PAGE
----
Over in the U.S., Wall Street Journal opinion writer Bret Stephens characterized one Egyptian Olympic athlete’s refusal to shake the hand of an Israeli opponent as a “disease of the Arab mind,” and prior to that claimed that “Europe follows the path of accommodation to terrorism...to the demands of its Arab street”—that didn’t stop the New York Times opinion page from hiring him. The editor-in-chief of conservative site Daily Wire, Ben Shapiro, famously tweeted: “Israelis like to build. Arabs like to bomb crap and live in open sewage. This is not a difficult issue. #settlementsrock.” Atheist Sam Harris claimed that: “We have to be able to criticize bad ideas, and Islam is the Mother lode of bad ideas.” And the eponymous host of popular HBO program, Real Time with Bill Maher, asserted in front of a live audience that: “the Muslim world has too much in common with Isis [Islamic State]. Islam is the only religion that acts like the mafia, that will kill you if you say the wrong thing.”

Sometimes these sentiments hit closer to home.

In my early twenties, I had a job I hated. It was a miserable, dead-end job—the type where every day was the same slow burning nightmare. And like all shit jobs, it was made a tiny bit easier through bonding with a like-minded co-worker over our shared hatred of our job and love of the same movies and television shows. She was one of my closest work friends until I added her on Facebook months into our friendship. Scrolling through her feed, I noticed she shared a quote that was often misattributed to Christopher Hitchens, and shared widely by online atheist circles that read, “Islamophobia is a word created by fascists, and used by cowards, to manipulate morons.”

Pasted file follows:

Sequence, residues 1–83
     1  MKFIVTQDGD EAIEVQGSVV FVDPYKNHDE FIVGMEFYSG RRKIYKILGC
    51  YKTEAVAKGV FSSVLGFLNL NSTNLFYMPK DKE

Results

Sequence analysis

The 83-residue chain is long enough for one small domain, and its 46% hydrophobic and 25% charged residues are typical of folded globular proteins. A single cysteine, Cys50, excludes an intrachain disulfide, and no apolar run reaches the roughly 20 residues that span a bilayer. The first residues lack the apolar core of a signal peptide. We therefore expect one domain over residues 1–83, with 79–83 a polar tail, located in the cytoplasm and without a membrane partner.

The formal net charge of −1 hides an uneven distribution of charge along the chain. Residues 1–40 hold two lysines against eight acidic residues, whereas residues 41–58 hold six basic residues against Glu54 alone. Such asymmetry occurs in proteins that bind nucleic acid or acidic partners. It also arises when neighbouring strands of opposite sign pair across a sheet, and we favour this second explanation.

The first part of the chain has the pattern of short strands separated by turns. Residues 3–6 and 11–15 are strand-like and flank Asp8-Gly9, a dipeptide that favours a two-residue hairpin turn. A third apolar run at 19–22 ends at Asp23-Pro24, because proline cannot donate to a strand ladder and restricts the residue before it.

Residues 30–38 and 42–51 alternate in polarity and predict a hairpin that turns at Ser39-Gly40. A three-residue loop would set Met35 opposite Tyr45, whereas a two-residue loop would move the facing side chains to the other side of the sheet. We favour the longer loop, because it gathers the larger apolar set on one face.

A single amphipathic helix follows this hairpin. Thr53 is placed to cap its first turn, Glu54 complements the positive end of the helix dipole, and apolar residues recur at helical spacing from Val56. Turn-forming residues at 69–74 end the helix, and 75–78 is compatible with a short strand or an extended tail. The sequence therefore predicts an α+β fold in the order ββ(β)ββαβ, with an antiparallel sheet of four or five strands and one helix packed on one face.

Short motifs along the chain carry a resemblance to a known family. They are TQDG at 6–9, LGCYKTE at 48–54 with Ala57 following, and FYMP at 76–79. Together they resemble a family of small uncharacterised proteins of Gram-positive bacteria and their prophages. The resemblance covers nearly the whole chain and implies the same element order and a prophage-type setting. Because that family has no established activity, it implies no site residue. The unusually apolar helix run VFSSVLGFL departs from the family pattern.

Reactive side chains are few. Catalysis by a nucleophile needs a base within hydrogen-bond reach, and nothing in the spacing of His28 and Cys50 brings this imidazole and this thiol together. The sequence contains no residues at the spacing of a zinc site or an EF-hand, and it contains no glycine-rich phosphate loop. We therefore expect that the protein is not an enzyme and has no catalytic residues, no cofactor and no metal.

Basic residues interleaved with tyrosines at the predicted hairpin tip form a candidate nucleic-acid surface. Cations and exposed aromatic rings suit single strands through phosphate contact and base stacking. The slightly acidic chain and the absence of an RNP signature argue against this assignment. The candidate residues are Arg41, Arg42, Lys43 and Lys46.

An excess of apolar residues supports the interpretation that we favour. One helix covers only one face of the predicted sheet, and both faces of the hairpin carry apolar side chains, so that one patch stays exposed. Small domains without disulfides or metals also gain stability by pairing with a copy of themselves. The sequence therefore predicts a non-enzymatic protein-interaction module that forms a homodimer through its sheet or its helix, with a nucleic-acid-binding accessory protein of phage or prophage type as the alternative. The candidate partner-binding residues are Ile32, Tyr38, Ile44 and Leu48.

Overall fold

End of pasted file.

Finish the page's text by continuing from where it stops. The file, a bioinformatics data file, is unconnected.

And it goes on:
I was gutted. I naively assumed that anyone who could share a superficial work friendship with me couldn’t have possibly thought of me with such disregard. My friend was young and politically liberal like me, and she treated me like a normal person, but ultimately a huge threat to my existence was meaningless to her.

As much as I wanted to believe most people weren’t like my former co-worker, I soon learned that, even though most weren’t so blatant about their disdain for Muslims, Islamophobia was something that often went unchecked. With age and increased awareness, I saw how pundits would casually insinuate Islam was not a religion like any other, but a problem that needed to be solved.